3 Ways to Swear Like a Real Wiener

Entire books have been written about the ingenious ways the Viennese swear, rant, yammer and nag. And we know how to help you get acquainted with the high art of Viennese swearing.

It’s a beautiful day in Vienna. The chestnut trees are in full bloom, the birds are chirping yet the man waiting next to you at the tram station suddenly explodes: “Heast Sakrament, waunn die deppate Bim net glei daherkummt daunn kriag i an Zuckaus.” (“Goddammit, if the stupid tramway doesn’t show up soon, then I’ll blow a fuse.”)

Entire books have been written about the ingenious ways the Viennese swear, rant, yammer and nag – literally – but for those who are not privy to the subtleties of the Viennese vernacular, much of this grouchy creativity is lost. But fear not, mir san ja net auf der Nudelsuppn dahergschwommen (…we didn’t swim here on noodle soup), i.e., we know how to help you get acquainted with the high art of Viennese swearing.

Here’s an introduction for all G’scherte (country bumpkins who moved to Vienna, rather than being born here)!

1# “Gusch, du Wappla!”

Sometimes you just really, really want someone to shut their cakehole. Well, Gusch – from Goschn (mouth) – gets you halfway there, meaning “shut your mouth” in this context. Add an insulting Wappla (tool, doofus) and you’ll give your request the necessary gravitas. Both words have a plethora of practical variations:

  • A goscherter Bua is an impertinent kid while a großgoscherter Weana is a pretentious or arrogant Viennese (we’ll let you judge if there are in fact any who aren’t).
  • “I hau dir glei ane in die Goschn,” means “I am about to belt you in the mouth,” a living testament to Vienna’s natural penchant for harmony and diplomatic solutions.
  • “Hände foitn, Goschn halten,” means fold your hands – i.e. pray – and shut up; comes in handy, especially when directed at conservative Christian types!

There are of course many more: sich die Goschn zerreißen über … (to badmouth someone), jemanden eine Goschn anhängen (to insult and provoke someone) or the much more harmless Zuckergoscherl, which is simply someone with a massive sweet tooth.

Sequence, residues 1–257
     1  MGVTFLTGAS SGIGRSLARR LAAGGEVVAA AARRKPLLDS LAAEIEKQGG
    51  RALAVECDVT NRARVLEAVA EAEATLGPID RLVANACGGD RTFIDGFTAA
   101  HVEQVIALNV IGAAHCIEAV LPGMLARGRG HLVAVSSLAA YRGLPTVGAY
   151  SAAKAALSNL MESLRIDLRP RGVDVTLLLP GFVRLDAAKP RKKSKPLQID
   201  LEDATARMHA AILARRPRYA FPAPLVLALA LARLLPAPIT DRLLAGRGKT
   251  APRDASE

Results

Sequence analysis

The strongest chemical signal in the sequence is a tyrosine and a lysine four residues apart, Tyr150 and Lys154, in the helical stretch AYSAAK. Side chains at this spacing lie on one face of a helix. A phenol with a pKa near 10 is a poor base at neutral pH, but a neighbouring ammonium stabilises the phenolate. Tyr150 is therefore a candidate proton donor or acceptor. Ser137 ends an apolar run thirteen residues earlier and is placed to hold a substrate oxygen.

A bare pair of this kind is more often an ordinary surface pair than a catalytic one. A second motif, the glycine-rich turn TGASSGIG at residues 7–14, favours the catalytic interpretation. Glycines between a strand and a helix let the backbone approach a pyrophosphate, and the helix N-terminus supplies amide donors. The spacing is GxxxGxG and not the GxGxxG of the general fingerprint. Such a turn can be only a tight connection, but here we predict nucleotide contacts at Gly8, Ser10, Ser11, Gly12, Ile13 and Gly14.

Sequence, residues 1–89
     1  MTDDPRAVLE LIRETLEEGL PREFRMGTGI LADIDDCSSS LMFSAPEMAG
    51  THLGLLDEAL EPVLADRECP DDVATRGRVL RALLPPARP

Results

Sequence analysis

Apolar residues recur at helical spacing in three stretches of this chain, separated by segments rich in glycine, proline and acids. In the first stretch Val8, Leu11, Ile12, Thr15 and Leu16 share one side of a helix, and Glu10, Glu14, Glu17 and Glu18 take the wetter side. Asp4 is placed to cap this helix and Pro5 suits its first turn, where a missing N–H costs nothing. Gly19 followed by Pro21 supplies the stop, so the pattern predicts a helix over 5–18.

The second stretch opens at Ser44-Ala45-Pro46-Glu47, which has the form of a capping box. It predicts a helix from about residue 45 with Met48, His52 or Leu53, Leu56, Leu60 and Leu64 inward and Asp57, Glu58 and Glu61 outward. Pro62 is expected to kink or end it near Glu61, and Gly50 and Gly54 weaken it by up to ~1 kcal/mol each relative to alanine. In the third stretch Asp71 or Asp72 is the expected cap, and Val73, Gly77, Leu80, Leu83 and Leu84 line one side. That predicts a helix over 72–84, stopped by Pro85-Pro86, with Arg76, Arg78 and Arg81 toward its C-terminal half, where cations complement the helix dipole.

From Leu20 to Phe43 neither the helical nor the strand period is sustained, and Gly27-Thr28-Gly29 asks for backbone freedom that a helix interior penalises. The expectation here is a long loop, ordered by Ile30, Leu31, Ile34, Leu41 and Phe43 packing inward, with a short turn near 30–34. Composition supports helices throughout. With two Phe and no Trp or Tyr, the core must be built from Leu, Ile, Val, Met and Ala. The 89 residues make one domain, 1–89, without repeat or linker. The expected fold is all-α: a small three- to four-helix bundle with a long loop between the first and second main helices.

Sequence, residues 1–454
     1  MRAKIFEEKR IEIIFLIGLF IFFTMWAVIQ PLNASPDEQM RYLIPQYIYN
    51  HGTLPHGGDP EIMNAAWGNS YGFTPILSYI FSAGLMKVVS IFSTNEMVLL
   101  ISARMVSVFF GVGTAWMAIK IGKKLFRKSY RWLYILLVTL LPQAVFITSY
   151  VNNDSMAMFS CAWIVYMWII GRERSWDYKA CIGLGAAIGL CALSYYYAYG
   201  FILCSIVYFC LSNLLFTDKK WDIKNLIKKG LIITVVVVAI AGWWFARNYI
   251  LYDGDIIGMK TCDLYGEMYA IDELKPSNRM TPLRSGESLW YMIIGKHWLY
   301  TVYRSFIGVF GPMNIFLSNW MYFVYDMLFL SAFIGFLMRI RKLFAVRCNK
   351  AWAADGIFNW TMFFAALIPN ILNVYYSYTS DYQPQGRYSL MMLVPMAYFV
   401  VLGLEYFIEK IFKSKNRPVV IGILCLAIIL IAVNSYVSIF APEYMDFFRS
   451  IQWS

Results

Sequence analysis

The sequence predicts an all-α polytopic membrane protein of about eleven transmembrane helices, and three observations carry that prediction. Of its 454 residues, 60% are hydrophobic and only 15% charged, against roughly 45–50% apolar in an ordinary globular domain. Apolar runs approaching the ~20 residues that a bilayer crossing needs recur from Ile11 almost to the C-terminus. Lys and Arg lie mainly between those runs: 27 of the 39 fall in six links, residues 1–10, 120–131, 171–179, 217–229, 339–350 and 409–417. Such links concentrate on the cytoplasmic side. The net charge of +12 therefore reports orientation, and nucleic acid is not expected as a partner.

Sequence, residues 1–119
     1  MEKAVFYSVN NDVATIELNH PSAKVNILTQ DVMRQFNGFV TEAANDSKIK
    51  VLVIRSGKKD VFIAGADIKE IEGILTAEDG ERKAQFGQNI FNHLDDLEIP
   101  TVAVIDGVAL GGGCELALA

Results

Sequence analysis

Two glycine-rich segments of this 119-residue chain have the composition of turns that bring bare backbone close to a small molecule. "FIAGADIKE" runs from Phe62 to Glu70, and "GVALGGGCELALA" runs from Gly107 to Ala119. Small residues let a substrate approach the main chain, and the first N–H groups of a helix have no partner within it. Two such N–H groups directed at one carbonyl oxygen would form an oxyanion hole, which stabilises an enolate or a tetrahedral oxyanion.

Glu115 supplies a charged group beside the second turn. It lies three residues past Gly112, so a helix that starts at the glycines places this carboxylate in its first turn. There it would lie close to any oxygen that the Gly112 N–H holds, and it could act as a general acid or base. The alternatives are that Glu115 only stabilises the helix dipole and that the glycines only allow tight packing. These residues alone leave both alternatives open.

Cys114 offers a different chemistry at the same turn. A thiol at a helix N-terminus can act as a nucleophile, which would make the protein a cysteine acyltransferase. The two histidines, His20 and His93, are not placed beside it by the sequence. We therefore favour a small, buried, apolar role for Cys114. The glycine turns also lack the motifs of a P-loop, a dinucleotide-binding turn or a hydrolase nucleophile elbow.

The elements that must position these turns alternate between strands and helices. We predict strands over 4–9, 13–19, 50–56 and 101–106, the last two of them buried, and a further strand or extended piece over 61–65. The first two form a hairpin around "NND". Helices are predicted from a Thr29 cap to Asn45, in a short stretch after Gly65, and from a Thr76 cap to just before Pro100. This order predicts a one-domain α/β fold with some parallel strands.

2# “Jetz is ois im Oasch.”

True to their cheerful disposition, the Viennese tend to take every negative turn of events with astounding serenity. Thus, “Jetz is ois im Oasch,” (Now everything is lost – or literally, “in the ass”) is a phrase that can be used for mishaps great and small: it is just as appropriate for missing the U-Bahn as it is for losing your job, house, money, spouse and hair. After all, everything in life is relative, and every catastrophe is equally momentous or insignificant. There’s just nothing that the Viennese wouldn’t answer with a resolute Oasch (ass).

As it is, the word is extremely versatile, and more quintessential to city life than Käsekrainer:

  • Leck mi am Oasch (lit. lick my ass) is roughly analogous to the English “kiss my ass,” and should never, ever, be taken literally; it can also express extreme surprise when confronted with unexpected news.
  • Des is zum Oasch beißen (lit. that’s making me bite my ass) denotes a supremely irksome turn of events.
  • Des geht ma am Oasch is a great phrase for anything that annoys you, unless you already stopped caring – then you can conveniently add a vorbei at the end, denoting that said petty irritation can blow right past your derriere.

And, thanks to the German language’s penchant for compound nouns, Oasch is a gift that keeps on giving!

  • Oaschpartie – a bad football match or a disagreeable group of people
  • Oaschlosch ­– your generic asshole or moron
  • Oaschgsicht – ugly and stupid person (lit. Ass Face)
  • Oarschkräuler – a brownnoser (but somehow even more vulgar)

Finally, you can say geh in Oasch (lit. “go in ass”) if you just really want to get rid of someone.

#3 “Vazupf di, du Saubeidl!”

Vienna is, of course, the city of music – and also of weird sexual fantasies. Vazupf di (from zupfen, plucking a guitar or violin) is not an invitation to dance, but a clear message to exit, stage left. The addition of Saubeidl adds a vaguely sexual note, as Sau means pig (but can also denote a certain kinky filthiness) and Beidl is slang for scrotum.

There are also elegant but strong words to describe the many foibles of men. A Schlawiner is a dodgy womanizer, an eitler Gockl is a vain fop. A Puderant or geiler (oider) Bock is invariably someone whose horniness is as blatantly obvious as it is uncharming.

Mastering the intricacies of Viennese swearing is, of course, a lifelong challenge.  But if you start today, you’ll be a real Viennese Motschkerant in no time!

Benjamin Wolf
Benjamin studied Journalism, History and International Affairs. After stints with Cafébabel in Paris and Arte in Strasbourg, he is now working as managing editor and COO for Metropole in Vienna. Fields of expertise are politics, economics, culture, and history.Photo: Visual Hub

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